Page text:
Fall is a time of beautiful colors and crisp, fresh air, especially in places like the Western slope in Colorado. There are many simple family activities you can do with children and grandchildren to take advantage of this time of year, from Halloween tricks and treats to Thanksgiving traditions. Here are some that our family enjoys.
There’s nothing like picking apples straight off the tree. Besides the amazement that a good fruit-bearing tree could actually feed a family all year with delicious fruit (provided you do the work of canning and freezing), you have the satisfaction of knowing right where the apples came from. No processing or waiting to see them in the grocery store. That is as healthy and fresh as it can get! Have the kids and grandkids help. Use laundry baskets to collect the apples, then take them home and wash thoroughly to remove any dirt or pesticides. Shine them up with a clean kitchen towel and store in the refrigerator to make them last longer. If you live in a cooperative climate, think about planting your own fruit trees. This year, one of our apple trees bore more than a thousand apples, and we picked them by hand, put them in cute bowls with scary spider rings and ribbons, then gave them to family members and friends. We had still plenty to eat, make pies and applesauce with, and experienced the joy of sharing with others.
Organize a costume exchange
A lovely tradition at some churches is the annual costume exchange. Throughout October, the church gathers donations of gently used costumes from willing donors. Flyers are distributed in the community to advertise free costumes on a Saturday at the church for any who needs one. The women of the church bake cookies and have special treats available for that day. People from the town who might not be able to afford costumes for their kids visit as a family and get costumes free of charge while enjoying a time of neighborly fellowship.
Whether you have small children, teens, or grandkids, visiting the pumpkin patch is a treat. Some local farms will offer hay rides out to the field for everyone to find their perfect pumpkin. Have apple cider and donuts afterwards. For older kids, try a challenging corn maze at night with flashlights and glow rings. At home, decorate pumpkins by carving (but be careful to supervise – those carving knives are sharp), coloring, painting, gluing with felt designs, or other age-appropriate items. Display your creations in the window or on the porch for others to enjoy.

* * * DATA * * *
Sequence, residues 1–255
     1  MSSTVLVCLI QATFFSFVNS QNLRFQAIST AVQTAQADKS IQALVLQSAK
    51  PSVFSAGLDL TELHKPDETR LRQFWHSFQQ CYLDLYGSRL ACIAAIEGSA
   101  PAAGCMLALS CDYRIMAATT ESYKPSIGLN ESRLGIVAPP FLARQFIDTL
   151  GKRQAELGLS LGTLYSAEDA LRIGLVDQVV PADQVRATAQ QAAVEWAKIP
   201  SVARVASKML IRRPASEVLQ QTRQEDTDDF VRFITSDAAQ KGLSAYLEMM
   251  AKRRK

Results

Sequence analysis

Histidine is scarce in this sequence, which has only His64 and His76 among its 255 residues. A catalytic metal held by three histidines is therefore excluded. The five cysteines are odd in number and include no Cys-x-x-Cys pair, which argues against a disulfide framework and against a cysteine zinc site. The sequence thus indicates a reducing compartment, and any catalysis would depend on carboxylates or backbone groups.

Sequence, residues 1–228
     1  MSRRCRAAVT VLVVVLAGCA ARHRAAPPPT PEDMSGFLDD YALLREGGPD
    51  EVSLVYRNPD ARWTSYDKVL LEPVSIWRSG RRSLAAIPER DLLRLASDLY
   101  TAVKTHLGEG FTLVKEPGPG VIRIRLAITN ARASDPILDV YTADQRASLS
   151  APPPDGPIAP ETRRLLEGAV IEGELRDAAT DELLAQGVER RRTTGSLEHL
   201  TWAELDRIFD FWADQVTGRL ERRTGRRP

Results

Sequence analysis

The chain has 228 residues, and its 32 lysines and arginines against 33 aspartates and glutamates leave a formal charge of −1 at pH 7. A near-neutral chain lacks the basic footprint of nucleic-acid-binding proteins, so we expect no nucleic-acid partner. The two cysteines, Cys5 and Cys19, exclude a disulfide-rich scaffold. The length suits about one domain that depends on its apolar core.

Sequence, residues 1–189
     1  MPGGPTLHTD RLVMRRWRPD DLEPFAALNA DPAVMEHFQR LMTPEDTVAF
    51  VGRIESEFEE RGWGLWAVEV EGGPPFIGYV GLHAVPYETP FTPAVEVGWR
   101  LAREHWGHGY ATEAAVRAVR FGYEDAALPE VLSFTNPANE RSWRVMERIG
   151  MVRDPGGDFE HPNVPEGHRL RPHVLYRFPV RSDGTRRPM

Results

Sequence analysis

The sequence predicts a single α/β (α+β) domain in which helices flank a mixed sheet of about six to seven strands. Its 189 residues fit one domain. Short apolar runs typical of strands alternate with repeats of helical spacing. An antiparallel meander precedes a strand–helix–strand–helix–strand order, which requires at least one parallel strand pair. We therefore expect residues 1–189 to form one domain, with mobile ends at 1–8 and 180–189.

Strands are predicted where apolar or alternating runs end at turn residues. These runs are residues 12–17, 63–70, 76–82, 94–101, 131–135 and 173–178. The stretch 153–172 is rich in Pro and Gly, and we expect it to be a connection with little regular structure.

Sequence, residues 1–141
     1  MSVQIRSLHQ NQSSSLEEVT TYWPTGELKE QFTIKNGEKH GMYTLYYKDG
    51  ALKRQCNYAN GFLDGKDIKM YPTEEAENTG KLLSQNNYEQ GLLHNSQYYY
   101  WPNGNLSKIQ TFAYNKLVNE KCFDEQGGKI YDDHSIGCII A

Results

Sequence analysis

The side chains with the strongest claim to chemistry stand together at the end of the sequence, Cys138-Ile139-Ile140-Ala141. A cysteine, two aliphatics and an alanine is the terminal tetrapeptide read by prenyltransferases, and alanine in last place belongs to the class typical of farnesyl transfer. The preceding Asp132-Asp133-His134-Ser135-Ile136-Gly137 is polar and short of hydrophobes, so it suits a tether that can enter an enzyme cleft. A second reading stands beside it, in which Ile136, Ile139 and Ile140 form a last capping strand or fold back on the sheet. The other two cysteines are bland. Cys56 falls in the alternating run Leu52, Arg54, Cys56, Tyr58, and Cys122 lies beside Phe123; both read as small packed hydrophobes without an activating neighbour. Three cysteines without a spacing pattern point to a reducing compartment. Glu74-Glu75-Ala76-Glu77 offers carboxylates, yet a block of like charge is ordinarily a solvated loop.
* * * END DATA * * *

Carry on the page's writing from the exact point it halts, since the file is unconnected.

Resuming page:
Share homemade baked goods
Around Thanksgiving time, many communities offer a complete turkey dinner for the homeless or those in need. Other towns provide a lunch for anyone who wishes to come and be part of a larger feast on Thanksgiving day. In some cases, cookies are taken to those who are in prison to brighten their day. To make such ventures a success, the sponsors often ask community members to bake pies or other baked goods. This is an excellent opportunity for children to learn to give to others who may be less fortunate. The entire family can be involved in baking and sharing with others in the spirit of being thankful.
Visit a special place to look at the changing colors
Chances are, there is a special place near you that has especially vibrant Fall colors. Certain parts of Colorado attract people from miles around for picture-taking of our aspen and other trees at the peak of the season. A drive through the mountains or hills can be quality family time. Stop and take early senior-pictures of your graduates or a family portrait for a Thanksgiving or Christmas card. Post your pics on FaceBook for friends and family to enjoy or make a Fall scrapbook to preserve the memories.
There are many ways to celebrate our gratefulness for all that God has given us. No matter how you participate in the wonder of the Fall season, be sure to stop and take time to breathe in the beauty of our great country.
This type of cancer occurs mainly in older adults, with an average age at diagnosis of 73 years, with 9 out of 10 cases of bladder cancer diagnosed in persons over age 55. The American Cancer Society (ACS)(2012) reported that over 73,000 cases were diagnosed in 2012 and that this diagnosis rate has been relatively stable over the last 20 years. Men are three times as likely to get cancer of the bladder as women (American Foundation for Urologic Disease, 2008) and the incidence increases with age.
Risk factors include chronic bladder irritation and cigarette smoking, the latter contributing to over half of cases. Male gender and age are also risk factors.
The classic symptom of bladder cancer is painless hematuria (blood in the urine). Older adults may attribute the bleeding to hemorrhoids or other causes and feel that because there is no pain, it must not be serious.